The wasp and the ladybird

Photographer in residence at St Cyrus National Nature Reserve, Pauline Smith, not only takes awesome wildlife photos, she writes fascinating blog posts too! Today she looks at the intricate adaptations and evolution of mind and body-controlling parasites, through the very specific relationship between a wasp and a ladybird…

Ladybird lockdown!

I found this lovely seven-spot ladybird posing on the Ceanothus in the garden but suspected something unusual was going on when I saw it again the next day in exactly the same spot. A closer inspection revealed the sinister truth: the ladybird was`standing guard’ over a cocoon (among the fibres you can see under the ladybird), the cocoon of a parasitic wasp (Dinocampus coccinellae).

This wasp is a specialist parasite of ladybirds and has a very interesting life cycle.


Ladybird on guard over a cocoon, (C)Pauline Smith

The female parasitic wasp (about 3mm), using her ovipositor (the `spike’ at her rear end), injects an egg into the adult ladybird. On hatching inside the ladybird, the wasp larva first kills any other parasitoid eggs/larvae already present inside the ladybird (to have the host to itself!). As it develops, the larva derives all of the nutrition it needs from the ladybird, and by taking nutrients only from non-essential parts of the ladybird, the wasp larva ensures that the ladybird survives, at least for the duration of the parasite’s larval development.

After a few weeks, the larva, still inside the ladybird, is fully developed and ready to move to the next stage, where the plot takes an even more sinister twist! After burrowing out of the ladybird’s`undercarriage’, the larva spins itself a cocoon – incredibly, the ladybird is still alive but now rooted to the spot, where it stands guard over the cocoon (which is what I witnessed above). While the wasp larva develops inside the cocoon over the next couple of weeks, the ladybird remains in place, providing shelter and protection against predators for the cocoon; the ladybird even twitches if anything gets too close!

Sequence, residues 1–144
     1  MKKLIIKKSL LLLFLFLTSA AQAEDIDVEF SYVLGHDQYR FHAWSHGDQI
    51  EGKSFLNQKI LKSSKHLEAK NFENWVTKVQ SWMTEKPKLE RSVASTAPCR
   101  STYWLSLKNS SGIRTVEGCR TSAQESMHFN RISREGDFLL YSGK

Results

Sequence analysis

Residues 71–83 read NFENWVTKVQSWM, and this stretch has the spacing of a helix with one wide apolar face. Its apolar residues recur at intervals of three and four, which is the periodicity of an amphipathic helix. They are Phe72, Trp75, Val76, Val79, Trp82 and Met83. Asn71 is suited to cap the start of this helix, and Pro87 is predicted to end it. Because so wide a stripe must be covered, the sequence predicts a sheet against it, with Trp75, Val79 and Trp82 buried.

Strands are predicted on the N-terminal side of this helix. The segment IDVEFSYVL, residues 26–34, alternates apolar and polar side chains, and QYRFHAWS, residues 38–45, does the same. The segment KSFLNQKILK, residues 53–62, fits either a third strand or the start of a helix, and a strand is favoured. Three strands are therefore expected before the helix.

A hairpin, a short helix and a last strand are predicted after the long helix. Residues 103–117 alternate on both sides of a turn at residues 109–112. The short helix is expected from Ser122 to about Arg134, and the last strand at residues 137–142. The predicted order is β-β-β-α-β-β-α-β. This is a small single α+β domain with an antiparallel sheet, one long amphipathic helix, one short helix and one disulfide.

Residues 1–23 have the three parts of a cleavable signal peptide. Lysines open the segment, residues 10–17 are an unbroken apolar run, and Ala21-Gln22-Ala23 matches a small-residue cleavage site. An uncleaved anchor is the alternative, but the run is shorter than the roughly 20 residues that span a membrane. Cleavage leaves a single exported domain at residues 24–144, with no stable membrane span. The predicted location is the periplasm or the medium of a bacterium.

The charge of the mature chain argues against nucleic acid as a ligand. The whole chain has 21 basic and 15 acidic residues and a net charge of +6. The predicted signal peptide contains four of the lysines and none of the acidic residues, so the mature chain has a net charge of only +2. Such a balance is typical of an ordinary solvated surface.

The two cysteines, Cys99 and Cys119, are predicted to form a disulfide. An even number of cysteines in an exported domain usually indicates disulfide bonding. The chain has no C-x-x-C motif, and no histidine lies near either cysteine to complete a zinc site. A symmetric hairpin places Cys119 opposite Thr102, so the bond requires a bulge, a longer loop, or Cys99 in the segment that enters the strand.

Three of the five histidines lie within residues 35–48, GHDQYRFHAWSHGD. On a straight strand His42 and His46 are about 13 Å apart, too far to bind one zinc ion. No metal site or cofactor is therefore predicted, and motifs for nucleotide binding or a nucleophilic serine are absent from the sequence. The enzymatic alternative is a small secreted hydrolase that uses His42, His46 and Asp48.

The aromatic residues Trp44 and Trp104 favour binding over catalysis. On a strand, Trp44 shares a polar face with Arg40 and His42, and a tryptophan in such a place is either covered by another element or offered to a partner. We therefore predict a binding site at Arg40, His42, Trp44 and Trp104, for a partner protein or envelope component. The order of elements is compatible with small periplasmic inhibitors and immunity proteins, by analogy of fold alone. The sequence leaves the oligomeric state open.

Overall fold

The parasitic wasp (Dinocampus coccinellae), (C)Pauline Smith

Almost immediately after emerging from the cocoon, the adult wasp will be on the lookout for a new victim, into which it will inject an egg, and the whole cycle will begin again. Interestingly, these wasps are primarily parthenogenic; the female is capable of reproducing without the input of a male wasp, which occur only rarely.

Amazingly, the story doesn’t always end there for the ladybird: one-third of ladybirds make a full recovery, and may reproduce … and they may even be parasitized again! This almost unbelievable recovery of the ladybird is also a testament to the parasite’s `care’ to not kill the ladybird, at least while the wasp develops – and any surviving ladybirds are then available for future `use’ by another parasitic wasp.

The wasp’s strategy is as clever as it is cunning! The ladybird provides all that the wasp needs to comfortably progress from the egg to the adult stage. It acts as a protective shelter for the egg and the larva, and also a source of food for the larva, and it then continues to provide shelter and protection for the pupa; all of this is strengthened by the ladybird’s striking colouration, which warns potential predators of its ability to release unpalatable and poisonous chemicals.

Curious as to why the ladybird would stand guard over the cocoon, in 2015, researchers found evidence suggesting that the female wasp also injects a `mind-controlling’ virus along with her egg into the ladybird. This virus is thought to be responsible for the zombie-like state of the `locked down’ ladybird. Much more is yet to be discovered.

I find these types of inter-species interactions absolutely fascinating, and can never quite get my head around how this would all have begun!

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